Climate change adds urgency to archaeology – E&E News

by | Oct 31, 2022 | Climate Change

Climate change is putting pressure on one of science’s earliest fields of discovery: archaeology.
Drought in the Colorado River basin is re-exposing centuries-old artifacts as lakes and rivers become mudflats. And where droughts aren’t happening, floods are — sometimes in quick succession with drought.
Consider the Mississippi River basin. Two and a half years ago, the basin experienced record-high flooding that devastated riverbanks and adjacent land loaded with artifacts dating to Mississippian civilization. Today, the river is so dry, shipwrecks are popping up from watery graves, including in the Lower Mississippi where Spanish conquistadors arrived in the 16th century, followed by French explorers who plied the river while claiming the region for King Louis XIV, calling it “Louisiane.”


“The pattern seems to be that we’re swinging wildly from one spectrum to the other. In the long run, that’s not good for archaeology,” said Charles McGimsey, the Louisiana state archaeologist. “Archaeological sites do best either staying underwater water or staying on dry ground. Going back and forth is not good.”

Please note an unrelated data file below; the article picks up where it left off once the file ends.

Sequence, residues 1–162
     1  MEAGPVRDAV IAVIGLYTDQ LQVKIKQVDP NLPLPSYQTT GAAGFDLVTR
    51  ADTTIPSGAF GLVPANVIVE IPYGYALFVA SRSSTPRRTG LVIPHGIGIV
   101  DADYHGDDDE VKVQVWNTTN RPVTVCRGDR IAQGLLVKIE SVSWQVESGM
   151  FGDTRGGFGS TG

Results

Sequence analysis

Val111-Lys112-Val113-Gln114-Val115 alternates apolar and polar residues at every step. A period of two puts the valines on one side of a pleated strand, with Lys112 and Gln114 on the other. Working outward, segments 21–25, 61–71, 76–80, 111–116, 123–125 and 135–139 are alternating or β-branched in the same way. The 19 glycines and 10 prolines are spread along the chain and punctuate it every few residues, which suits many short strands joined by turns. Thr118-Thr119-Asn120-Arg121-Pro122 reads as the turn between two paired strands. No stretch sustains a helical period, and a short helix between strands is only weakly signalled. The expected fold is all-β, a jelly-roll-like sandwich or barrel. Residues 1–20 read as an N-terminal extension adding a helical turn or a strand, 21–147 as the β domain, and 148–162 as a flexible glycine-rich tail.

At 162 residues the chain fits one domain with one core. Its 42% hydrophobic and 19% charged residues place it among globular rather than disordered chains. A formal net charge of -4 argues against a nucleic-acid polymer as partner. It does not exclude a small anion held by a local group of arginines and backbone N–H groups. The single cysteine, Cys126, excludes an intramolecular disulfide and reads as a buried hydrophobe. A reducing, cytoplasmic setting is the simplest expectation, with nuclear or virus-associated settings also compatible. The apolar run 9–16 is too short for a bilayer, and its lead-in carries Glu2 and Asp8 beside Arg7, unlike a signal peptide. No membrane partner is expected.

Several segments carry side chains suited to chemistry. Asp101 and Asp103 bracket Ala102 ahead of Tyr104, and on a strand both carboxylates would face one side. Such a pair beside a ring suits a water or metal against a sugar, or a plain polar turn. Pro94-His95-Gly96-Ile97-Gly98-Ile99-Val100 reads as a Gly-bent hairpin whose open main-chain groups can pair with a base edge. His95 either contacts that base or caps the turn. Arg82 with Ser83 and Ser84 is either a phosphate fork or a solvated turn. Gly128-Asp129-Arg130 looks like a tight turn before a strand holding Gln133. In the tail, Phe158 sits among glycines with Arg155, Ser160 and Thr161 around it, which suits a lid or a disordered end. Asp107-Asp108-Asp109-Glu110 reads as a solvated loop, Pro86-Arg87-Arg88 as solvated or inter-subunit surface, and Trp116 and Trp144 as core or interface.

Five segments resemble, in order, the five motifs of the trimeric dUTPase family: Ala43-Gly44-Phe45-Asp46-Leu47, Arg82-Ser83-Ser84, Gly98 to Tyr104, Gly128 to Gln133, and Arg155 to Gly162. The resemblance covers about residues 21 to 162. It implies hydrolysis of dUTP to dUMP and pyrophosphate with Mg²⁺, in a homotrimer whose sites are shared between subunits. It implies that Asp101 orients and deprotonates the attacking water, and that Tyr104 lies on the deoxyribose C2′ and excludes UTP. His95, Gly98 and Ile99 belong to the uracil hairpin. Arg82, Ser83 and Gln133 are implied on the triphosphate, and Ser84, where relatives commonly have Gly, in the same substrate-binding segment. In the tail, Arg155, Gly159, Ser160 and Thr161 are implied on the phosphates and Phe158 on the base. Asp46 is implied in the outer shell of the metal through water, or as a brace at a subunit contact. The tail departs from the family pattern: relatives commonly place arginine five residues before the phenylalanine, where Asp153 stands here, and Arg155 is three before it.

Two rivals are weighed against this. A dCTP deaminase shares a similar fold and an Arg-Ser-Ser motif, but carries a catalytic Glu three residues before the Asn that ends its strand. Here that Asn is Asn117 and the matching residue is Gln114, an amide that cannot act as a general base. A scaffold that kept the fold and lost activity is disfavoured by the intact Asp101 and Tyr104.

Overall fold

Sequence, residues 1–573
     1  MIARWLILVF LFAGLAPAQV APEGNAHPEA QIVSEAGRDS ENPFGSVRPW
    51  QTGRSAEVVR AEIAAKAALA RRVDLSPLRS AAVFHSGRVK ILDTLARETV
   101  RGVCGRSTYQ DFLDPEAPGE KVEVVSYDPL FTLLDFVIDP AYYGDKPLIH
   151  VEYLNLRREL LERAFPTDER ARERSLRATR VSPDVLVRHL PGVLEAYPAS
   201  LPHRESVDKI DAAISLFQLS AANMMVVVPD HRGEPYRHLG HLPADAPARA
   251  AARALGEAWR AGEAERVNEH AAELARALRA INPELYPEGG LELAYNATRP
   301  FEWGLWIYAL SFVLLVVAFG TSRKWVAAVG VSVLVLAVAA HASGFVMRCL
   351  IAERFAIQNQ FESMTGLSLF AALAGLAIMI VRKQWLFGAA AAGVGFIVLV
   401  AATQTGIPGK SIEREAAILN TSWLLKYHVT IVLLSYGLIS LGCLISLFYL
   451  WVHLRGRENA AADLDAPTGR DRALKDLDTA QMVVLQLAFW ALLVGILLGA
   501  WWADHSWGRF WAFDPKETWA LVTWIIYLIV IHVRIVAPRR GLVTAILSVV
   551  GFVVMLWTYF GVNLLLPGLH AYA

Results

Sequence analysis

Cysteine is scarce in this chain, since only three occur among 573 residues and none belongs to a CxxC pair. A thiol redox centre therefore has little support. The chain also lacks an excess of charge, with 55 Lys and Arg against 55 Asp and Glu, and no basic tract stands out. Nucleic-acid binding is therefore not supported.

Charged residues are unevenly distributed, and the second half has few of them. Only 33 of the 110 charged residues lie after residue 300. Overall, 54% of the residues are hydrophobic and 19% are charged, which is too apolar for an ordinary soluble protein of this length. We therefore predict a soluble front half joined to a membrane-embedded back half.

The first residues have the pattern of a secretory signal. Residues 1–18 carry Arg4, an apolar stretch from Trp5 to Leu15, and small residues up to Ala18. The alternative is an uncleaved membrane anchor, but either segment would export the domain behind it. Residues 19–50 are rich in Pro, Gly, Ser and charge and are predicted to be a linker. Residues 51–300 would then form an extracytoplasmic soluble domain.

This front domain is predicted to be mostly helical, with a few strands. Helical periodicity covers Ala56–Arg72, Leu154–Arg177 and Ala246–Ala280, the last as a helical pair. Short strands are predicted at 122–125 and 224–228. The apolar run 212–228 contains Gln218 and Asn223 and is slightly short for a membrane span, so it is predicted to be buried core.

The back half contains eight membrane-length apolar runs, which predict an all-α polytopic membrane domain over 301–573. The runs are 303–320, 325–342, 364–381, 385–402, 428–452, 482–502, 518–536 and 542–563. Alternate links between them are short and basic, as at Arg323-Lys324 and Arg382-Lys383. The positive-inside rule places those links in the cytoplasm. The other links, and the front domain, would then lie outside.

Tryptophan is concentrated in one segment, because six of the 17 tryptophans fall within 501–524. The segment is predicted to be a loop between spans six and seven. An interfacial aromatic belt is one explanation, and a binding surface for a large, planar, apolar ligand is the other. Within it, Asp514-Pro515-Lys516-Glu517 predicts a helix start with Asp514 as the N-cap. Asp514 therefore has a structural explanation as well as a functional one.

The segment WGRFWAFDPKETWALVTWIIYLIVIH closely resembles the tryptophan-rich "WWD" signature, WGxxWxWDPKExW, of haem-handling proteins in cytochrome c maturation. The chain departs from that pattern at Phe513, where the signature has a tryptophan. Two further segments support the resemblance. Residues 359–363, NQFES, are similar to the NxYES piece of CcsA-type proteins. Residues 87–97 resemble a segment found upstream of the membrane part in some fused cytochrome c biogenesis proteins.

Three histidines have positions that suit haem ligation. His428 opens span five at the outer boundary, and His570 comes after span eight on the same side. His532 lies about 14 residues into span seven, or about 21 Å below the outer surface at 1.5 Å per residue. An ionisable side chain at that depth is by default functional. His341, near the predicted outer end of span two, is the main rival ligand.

Yet as more artifacts turn up — from Mesopotamia to the Mississippi — scientists say drought and other climate change impacts are undermining their ability to protect and document important sites before they degrade or disappear.
Record flooding across the Nile River basin in 2020 came perilously close to damaging al-Bajrawiya in Sudan, the heart of th …

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